1. Most reasonable people would probably agree a Couric’s salary falls in the class of Obscene, Injust, Immoral, and so forth. It’s not like Miss Couric’s some great mind, or research scientist, or even talented Creative ala George Lucas, or Thomas Pynchon. She merely reports the news, at $15 million per annum.

    Economic critique at times thus seems dependent on normative considerations which are not easily quantified; in effect, Couric and her millionaire anchor cronies offend the reasonable person’s sense of distributive justice (Rawls’ Theory of Justice provides a good introduction to that topic. One might object to Rawlsian conclusions–as many Aynnie Rand types have–but he brings up some important considerations related to the social contract).

  2. Personally I don’t think it is anyone’s business what private citizens make. They shouldn’t have to release this kind of information.

  3. (4) With people like Soros in the world who know who is getting paid what and by whom…I just don’t think ANYONE’s income is our business unless of course we are paying for it.

    I have no idea how some of these people can command the rates they are getting (i.e. Simon Cowell, Oprah, Howard Stern) same with baseball players, etc.

    What I think has transpired is people are collecting on “brand” worth and the derivative revenue downstreams that are occurring.

    However just as I think it is obnoxious for people to pay these sums…I think it is EVEN more obnoxious for someone to state they don’t deserve it or EVEN more obnoxious is that the government thinks they can dictate ANYONE’s worth.

    As long as people are willing to tune into crap like Oprah they will continue to get outrageous sums of money.

  4. You guys get upset over celebrity salaries…take a look at what CA has been doing…

    CALPERS, the California Public Employee Retirement System, is now paying annual retirement benefits of more than $100,000 to 5,115 employees, including nearly $500,000 to the most highly-compensated former employee.

    CALPERS’ most highly-paid retiree is Bruce Malkenhorst, former city administrator of Vernon, California, whose pension pays $499,674.84 per year.

    Never heard of Vernon, California? Well, no wonder. It the smallest incorporated city in Southern California with a population of just 91. Yes, you read that correctly. 91 total residents. The city is best known for sprawling industrial facilities and massive corruption. Malkenhorst was paid $600,000 per year to manage a city with 91 people. But that apparently was not enough for Malkenhorst, because he’s been charged with misappropriating $60,000 of city funds for his personal use.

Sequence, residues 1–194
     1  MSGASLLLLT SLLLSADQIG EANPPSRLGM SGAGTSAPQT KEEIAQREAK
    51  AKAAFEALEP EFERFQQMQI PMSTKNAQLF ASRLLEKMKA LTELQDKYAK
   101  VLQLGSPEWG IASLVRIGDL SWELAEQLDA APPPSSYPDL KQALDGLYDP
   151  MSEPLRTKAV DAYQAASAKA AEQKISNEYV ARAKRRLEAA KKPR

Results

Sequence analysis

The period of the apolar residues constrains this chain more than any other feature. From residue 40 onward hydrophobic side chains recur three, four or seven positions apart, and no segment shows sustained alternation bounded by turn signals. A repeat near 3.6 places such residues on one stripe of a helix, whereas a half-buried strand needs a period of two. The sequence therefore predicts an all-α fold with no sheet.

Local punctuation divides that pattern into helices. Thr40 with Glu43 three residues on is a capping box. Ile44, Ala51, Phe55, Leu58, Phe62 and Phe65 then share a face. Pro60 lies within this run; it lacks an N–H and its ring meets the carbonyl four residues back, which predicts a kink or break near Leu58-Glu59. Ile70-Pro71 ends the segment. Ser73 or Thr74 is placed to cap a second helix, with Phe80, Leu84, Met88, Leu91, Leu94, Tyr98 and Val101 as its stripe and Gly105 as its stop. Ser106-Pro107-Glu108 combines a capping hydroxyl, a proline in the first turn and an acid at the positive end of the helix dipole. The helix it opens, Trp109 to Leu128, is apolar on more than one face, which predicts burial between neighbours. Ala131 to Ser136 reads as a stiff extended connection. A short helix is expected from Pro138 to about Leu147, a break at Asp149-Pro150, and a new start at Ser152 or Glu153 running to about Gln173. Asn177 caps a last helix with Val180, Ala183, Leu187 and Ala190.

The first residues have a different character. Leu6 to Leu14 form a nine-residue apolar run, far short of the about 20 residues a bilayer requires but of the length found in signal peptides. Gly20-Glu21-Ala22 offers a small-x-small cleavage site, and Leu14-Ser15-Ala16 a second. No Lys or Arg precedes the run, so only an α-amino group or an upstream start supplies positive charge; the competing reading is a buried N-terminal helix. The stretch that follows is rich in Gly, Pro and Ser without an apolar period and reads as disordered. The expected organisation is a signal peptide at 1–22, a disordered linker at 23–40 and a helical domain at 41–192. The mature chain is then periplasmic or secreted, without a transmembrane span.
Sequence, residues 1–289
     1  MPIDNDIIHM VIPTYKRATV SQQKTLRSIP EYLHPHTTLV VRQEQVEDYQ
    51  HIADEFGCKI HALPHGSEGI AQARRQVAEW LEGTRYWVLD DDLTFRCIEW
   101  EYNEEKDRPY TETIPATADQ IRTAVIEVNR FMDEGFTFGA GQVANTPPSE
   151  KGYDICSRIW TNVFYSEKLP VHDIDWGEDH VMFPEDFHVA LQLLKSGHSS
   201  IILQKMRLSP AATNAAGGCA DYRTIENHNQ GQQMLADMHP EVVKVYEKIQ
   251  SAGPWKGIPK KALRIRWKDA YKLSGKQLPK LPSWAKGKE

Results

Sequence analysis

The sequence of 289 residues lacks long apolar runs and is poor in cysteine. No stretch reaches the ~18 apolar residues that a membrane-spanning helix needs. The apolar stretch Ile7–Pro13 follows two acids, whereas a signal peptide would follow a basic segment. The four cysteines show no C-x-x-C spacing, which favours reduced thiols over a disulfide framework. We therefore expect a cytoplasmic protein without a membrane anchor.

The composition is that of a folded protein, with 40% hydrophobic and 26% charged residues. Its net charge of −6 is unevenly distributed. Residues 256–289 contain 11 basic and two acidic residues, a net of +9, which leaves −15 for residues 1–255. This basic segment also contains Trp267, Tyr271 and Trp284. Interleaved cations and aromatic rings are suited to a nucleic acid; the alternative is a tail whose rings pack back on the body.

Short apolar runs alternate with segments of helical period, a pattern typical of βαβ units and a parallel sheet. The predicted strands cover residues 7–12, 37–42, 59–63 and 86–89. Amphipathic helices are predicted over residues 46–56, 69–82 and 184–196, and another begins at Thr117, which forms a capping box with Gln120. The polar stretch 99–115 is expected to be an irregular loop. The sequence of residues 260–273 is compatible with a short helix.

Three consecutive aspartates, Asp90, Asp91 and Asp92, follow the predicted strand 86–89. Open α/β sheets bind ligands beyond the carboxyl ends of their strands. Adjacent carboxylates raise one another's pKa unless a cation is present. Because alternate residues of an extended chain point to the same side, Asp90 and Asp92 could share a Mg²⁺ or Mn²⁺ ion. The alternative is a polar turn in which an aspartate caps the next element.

(One of the largest firms headquartered in Vernon is Claugherty Packing’s “Farmer John” company, which made the news yesterday for landing a “stimulus” contract that paid far above the going rate for ham.)

    If you can’t get a job working for the city of Vernon, the Top 10 list makes it appear that you next best bet would be working for the California State University system. Joaquin Fuster, a professor of psychiatry at UCLA takes home $296,555.88 in retirement benefits. Donald Gerth, former President of Cal State Sacramento, takes home an annual pension of $278,054.64. John Schlag, a professor of neurobiology at UCLA is paid $255,600.48 in retirement.

    We’re not sure who bears the most blame here. Is it the government entities that negotiate the sweetheart deals? Or the employee unions that demand them?

    Public employee unions + Obama stimulus = bankruptcy.

    This madness cannot be sustained at the state level nor the federal level. Not on your back. And not on ours.


  5. That offends only slightly. Malkenhorst probably worked hard, had a certain degree of skills and education, so forth. He may be slightly overpaid, but he earned it.